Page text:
Face shields, gloves, wipes: Texas votes as virus rages

Voting is underway in Texas as the state tries to contain surging numbers of coronavirus cases

PLANO, Texas -- As coronavirus cases skyrocket in Texas, Regina Greenwell showed up to vote Monday bent on minimizing the risks.

She wore a mask, which are not required in Texas, where the number of COVID-19 hospitalizations have more than tripled in the last month. She scoped out the line from her car to game how long she would be indoors. She brought her own pen but inside was a touchscreen system with disposable latex finger guards for voters to use.

“We'd like to make it to the November election,” said Paul Greenwell, her 70-year-old husband.

Three months after Republican Gov. Greg Abbott postponed primary runoffs to July 14 — saying at the time that sticking to the original May election “would threaten the health and safety of many" — Texas is voting at a moment when the outbreak is far more dire. Confirmed coronavirus cases quadrupled in June, Houston hospitals are filling up and Abbott is retreating from one of America's swiftest reopenings by shuttering bars and scaling back restaurant service.

The result is that at a moment when Abbott is urging the public to stay home, thousands are starting to go to the polls.

And by the looks of it, even more are still going to the gym: At the Carpenter Park Recreation Center, a polling location in the Dallas suburb of Plano, most of the steady lunchtime traffic heading in on the first day of early voting were there to work out, not cast a ballot.

"It’s a joke,” said Gilbert Hernandez, 52, who arrived to vote in the Democratic primary with his family, all of whom wore masks. “The way that our government has responded to this crisis, it’s compounding a very serious problem.”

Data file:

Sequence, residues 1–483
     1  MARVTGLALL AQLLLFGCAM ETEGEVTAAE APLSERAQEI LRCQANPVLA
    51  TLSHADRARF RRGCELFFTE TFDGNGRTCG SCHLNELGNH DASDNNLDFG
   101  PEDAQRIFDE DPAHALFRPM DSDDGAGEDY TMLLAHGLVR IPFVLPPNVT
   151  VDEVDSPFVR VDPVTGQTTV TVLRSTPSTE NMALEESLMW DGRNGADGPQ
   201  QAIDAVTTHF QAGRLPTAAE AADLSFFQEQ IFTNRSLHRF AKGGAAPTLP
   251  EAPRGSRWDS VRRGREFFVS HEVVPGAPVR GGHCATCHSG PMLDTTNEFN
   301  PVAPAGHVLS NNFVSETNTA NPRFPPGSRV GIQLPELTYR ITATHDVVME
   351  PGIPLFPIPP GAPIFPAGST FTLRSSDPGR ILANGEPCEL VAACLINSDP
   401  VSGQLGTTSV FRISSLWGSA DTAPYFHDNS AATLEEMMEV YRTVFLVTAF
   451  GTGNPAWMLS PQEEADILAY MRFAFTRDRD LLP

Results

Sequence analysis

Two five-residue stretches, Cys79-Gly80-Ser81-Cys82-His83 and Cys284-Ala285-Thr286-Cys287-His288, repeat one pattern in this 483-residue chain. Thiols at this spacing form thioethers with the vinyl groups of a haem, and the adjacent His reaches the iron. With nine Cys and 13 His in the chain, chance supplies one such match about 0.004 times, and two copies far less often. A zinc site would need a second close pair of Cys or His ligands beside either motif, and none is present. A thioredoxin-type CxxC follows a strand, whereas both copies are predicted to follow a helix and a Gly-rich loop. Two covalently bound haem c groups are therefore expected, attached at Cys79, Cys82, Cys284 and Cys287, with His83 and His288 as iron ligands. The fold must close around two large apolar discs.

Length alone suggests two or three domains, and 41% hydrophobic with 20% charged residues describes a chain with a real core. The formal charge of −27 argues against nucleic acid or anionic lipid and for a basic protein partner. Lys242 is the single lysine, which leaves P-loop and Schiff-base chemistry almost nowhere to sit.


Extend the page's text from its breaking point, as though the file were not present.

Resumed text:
The pandemic has caused unprecedented election disruptions around the U.S. as states have pushed back their elections to manage an onslaught of poll worker cancellations and consolidation of polling places. On Sunday, Vice President Mike Pence wore a mask in Dallas and praised Abbott for his decisions to reopen the state and then dial back those plans, saying “about two weeks ago something changed.”

One consolation for elections officials is that primary runoffs typically have low turnout in Texas, where a growing blue streak in America's biggest red state is giving Democrats hope. Their voters are picking a U.S. Senate nominee to run against Republican incumbent John Cornyn, choosing between Air Force veteran MJ Hegar and state Sen. Royce West.

There are also closely watched GOP congressional runoffs, including President Donald Trump's former doctor, Ronny Jackson, running for a seat in the Texas Panhandle.

A steady trickle of eager morning voters — all arriving in masks — kept poll workers busy at Davis Elementary School in Austin. Voting machines were six feet apart and wiped down frequently. Poll workers sat behind plastic shields, and blue tape on the floor encouraged voters in line to keep their distance from one another.

Dana DeBeauvoir, the Travis County Clerk who oversees Austin's elections, recruited about 80 poll workers on standby after having a slew of no-shows on Super Tuesday. Abbott doubled the amount of early voting days for the runoff but DeBeauvoir said the state mostly just provided protocols the county already had in place.

“It was nice that they tried, but it wasn't all that helpful,” DeBeauvoir said.

Democrats want Texas to let all of the state's 16 million registered voters cast ballots by mail, but the state is fighting to keep its restrictions in place. On Friday, the U.S. Supreme Court rejected an emergency request to expand mail-in voting in Texas, which Trump tweeted was a “big WIN” as he alleges without evidence that widespread mail-in voting will lead to rampant fraud.

Linda Bianchi, who declined to give her age but described herself as senior citizen, voted in the Republican primary in Plano without wearing a mask and said she didn't feel the need to take extra precautions.

“Do not do mail-in ballots. No. Come to vote. We did during the war,” Bianchi said. “It’s our wonderful right as Americans.”

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Weber reported from Austin.

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